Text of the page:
Documents Relating to Huey Long, 1932-1935
Digital History ID 1162
He was the Kingfish, a nickname borrowed from the “Amos and Andy” radio show.
Huey P. Long was one of the most colorful and flamboyant American politicians of the twentieth century. He owned more than a hundred suits, and wore them with orchid shirts, bizarre floral ties and spats. Sometimes he wore green pajamas to greet visitors. He had convicts replace Louisiana’s governor’s mansion with a virtual replica of the White House
To his supporters, he was a champion of the downtrodden, who taxed the rich in order to build 9,000 miles of concrete highways, put 600,000 free textbooks in the hands of poor students, and establish programs that taught 175,000 illiterate adults to read.
To his detractors, he was a buffoon, a corrupt demagogue, or even worse, a potential fascist, who used bribery, blackmail, and strong-arm tactics to get his way. One opponent called Long "a common, sordid, dirty soul with the greed and coarseness of the swine . . . the venom of the snake, the cruel cowardice of the skulking hyena." He had a “deduct" system requiring each state employee to pay 10 percent of his salary to Long’s political machine.
In Louisiana, he overthrew a political system dominated by wealthy planters and industrialists and the oil industry. State spending rose from $29 million in 1928, when he took office to $83 million in 1931. Meanwhile, the state’s debt climbed from $11 million to $125 million.
He attracted a national following with his promise to make “Every Man a King.” Millions of Americans joined “Share Our Wealth” clubs, which proposed that Congress confiscate all incomes over $1 million a year, and use the revenue to guarantee every family had a home, an old age pension, and a radio. President Roosevelt called him “one of the two most dangerous men in the country”; the other was Gen. Douglas MacArthur.
In 1935, when he was just 42 years old, Long was assassinated in the 34 story state capital that he had built by a doctor whose family had been feuding with Long’s machine. His last words were: . ''God, don't let me die,'' Huey whispered. ''I have so much to do.''
1. Huey P. Long, Senate Speech, April 29, 1932
The great and grand dream of America that all men are created free and equal, endowed with the inalienable right of life and liberty and the pursuit of happiness - this great dream of America, this great light, and this great hope - has almost gone out of sight in this day and time, and everybody knows it; and there is a mere candle flicker here and yonder to take the place of what the great dream of America was supposed to be.
The people of this country have fought and have struggled, trying, by one process and the other, to bring about the change that would save the American country to the ideal and purposes of America. They are met with the Democratic Party at one time and the Republican Party at another time, and both of them at another time, and nothing can be squeezed through these party organizations that goes far enough to bring the American people to a condition where they have such a thing as a livable country. We swapped the tyrant 3,000 miles away for a handful of financial slaveowning overlords who make the tyrant of Great Britain seem mild.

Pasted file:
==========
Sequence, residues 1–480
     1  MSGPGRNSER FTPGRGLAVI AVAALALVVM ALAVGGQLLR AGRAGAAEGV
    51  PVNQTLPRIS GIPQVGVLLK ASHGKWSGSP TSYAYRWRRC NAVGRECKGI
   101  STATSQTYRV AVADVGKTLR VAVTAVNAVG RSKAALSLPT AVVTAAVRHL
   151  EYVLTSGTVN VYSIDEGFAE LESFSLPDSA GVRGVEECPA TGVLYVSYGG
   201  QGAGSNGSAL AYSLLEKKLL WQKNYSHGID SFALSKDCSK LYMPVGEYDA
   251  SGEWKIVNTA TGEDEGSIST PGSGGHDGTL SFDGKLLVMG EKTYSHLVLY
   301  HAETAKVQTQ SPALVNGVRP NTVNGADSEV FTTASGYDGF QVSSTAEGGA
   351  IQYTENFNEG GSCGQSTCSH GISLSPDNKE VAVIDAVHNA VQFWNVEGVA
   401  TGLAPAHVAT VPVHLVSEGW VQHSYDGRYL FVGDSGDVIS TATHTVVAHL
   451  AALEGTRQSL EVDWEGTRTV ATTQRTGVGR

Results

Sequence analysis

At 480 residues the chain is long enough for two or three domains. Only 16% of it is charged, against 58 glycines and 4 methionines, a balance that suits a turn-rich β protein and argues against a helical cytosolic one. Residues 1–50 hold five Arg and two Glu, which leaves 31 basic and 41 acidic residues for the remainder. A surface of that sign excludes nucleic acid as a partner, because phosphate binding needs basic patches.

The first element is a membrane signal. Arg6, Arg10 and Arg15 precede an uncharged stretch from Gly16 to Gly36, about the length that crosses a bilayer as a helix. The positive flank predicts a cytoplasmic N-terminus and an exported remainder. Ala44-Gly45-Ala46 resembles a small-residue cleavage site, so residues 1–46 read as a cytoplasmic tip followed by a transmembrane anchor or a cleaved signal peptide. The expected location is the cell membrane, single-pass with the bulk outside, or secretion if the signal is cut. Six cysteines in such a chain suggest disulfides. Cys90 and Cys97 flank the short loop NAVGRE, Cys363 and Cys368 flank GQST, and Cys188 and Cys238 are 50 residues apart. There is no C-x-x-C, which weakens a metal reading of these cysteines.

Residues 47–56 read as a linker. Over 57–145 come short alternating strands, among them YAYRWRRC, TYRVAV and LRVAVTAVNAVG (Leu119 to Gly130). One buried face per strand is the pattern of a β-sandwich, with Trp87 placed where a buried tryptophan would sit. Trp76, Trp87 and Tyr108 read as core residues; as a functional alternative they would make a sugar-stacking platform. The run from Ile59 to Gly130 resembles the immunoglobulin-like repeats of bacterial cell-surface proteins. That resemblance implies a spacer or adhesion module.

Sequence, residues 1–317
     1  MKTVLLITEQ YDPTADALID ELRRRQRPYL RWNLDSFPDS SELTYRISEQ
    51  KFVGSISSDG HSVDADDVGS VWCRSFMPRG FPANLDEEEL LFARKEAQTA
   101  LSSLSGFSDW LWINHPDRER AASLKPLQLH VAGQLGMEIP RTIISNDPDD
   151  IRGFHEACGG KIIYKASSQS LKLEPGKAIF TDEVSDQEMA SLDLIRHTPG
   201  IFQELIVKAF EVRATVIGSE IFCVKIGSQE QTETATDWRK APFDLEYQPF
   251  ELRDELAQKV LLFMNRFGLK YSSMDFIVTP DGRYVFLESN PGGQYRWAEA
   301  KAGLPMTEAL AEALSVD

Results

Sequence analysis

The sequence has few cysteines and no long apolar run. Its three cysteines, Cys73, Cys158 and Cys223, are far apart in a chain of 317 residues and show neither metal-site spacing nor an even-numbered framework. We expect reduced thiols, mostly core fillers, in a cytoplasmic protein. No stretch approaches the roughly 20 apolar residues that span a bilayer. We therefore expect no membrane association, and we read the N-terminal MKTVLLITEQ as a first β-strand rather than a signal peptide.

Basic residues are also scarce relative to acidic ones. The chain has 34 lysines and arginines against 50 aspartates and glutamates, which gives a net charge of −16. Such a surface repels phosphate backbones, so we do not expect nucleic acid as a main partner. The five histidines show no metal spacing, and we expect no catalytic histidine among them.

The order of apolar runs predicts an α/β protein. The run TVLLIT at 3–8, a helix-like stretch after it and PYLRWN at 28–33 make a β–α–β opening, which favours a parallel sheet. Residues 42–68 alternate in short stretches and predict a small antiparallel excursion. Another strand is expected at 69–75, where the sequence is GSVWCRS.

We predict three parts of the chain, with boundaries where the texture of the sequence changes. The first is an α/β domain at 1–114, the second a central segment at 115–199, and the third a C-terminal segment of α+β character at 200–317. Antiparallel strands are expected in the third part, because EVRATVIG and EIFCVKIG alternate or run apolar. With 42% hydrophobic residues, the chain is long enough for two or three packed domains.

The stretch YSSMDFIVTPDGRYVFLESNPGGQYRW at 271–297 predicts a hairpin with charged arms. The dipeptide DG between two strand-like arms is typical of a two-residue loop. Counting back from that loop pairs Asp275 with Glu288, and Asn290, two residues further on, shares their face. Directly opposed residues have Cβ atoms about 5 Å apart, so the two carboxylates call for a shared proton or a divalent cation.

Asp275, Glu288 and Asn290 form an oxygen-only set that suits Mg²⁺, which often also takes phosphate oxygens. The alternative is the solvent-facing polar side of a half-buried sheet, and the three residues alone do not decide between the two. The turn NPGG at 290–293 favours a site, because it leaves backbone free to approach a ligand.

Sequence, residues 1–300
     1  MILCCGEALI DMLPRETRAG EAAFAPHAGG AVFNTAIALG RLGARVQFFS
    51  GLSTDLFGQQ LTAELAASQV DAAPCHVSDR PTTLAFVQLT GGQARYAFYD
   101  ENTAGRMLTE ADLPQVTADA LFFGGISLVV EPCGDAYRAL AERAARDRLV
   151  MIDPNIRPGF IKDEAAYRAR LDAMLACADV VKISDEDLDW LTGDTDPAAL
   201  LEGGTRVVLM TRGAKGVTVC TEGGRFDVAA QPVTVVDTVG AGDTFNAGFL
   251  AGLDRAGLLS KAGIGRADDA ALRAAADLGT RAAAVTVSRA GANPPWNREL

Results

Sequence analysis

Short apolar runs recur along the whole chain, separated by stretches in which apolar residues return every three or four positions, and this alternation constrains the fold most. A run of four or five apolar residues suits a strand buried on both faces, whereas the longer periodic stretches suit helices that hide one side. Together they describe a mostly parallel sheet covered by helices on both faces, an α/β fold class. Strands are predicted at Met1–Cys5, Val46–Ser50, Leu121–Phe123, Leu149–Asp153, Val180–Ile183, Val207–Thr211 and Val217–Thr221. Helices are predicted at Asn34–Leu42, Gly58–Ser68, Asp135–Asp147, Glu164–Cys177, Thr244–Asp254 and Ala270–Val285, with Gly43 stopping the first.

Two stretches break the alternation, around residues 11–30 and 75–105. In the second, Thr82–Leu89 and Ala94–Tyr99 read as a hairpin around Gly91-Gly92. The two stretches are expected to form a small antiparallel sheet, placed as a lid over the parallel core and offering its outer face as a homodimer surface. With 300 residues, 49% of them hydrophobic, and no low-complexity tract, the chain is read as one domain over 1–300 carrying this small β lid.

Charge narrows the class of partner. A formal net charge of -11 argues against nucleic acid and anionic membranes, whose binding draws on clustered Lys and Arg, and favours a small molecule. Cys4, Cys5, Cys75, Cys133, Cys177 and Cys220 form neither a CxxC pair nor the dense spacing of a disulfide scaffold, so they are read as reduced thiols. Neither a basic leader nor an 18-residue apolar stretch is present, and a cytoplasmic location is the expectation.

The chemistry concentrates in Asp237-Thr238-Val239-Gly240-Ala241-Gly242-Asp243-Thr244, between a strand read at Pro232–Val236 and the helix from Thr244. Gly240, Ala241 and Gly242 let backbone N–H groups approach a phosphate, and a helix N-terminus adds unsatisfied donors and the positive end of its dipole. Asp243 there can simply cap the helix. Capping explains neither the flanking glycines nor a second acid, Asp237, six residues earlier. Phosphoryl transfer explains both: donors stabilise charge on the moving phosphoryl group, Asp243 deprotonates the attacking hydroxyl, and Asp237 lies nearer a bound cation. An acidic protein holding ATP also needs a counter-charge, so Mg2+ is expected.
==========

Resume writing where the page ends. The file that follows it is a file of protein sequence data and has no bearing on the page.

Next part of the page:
Much talk is indulged in to the effect that the great fortunes of the United States are sacred, that they have been built up by the honest and individual initiative, that the funds were honorably acquired by men of genius far-visioned in thought. The fact that those fortunes have been acquired and that those who have built them for the financial masters have become impoverished is a sufficient proof that they have not been regularly and honorably acquired in this country.
Even if they had been that would not alter the case. I find that the Morgan and Rockefeller groups alone held, together, 341 directorships in 112 banks, railroad, insurance, and other corporations, and one of this group made an after-dinner speech in which he said that a newspaper report had asserted that 12 men in the United States controlled the business of the Nation, and in the same speech to this group he said, "And I am one of the 12 and you the balance, and this statement is correct."
They pass laws under which people may be put in jail for utterances made in war times and other times, but you can not stifle or keep from growing, as poverty and starvation and hunger increase in this country, the spirit of the American people, if there is going to be any spirit in America at all.
Unless we provide for the redistribution of wealth in this country, the country is doomed; there is going to be no country left here very long. That may sound a little bit extravagant, but I tell you that we are not going to have this good little America here long if we do not take to redistribute the wealth of this country.
2. Huey P. Long, Share Our Wealth, 1934
For 20 years I have been in the battle to provide that, so long as America has, or can produce, an abundance of the things which make life comfortable and happy, that none should own so much of the things which he does not need and cannot use as to deprive the balance of the people of a reasonable proportion of the necessities and conveniences of life. The whole line of my political thought has always been that America must face the time when the whole country would shoulder the obligation which it owes to every child born on earth - that is, a fair chance to life, liberty, and happiness.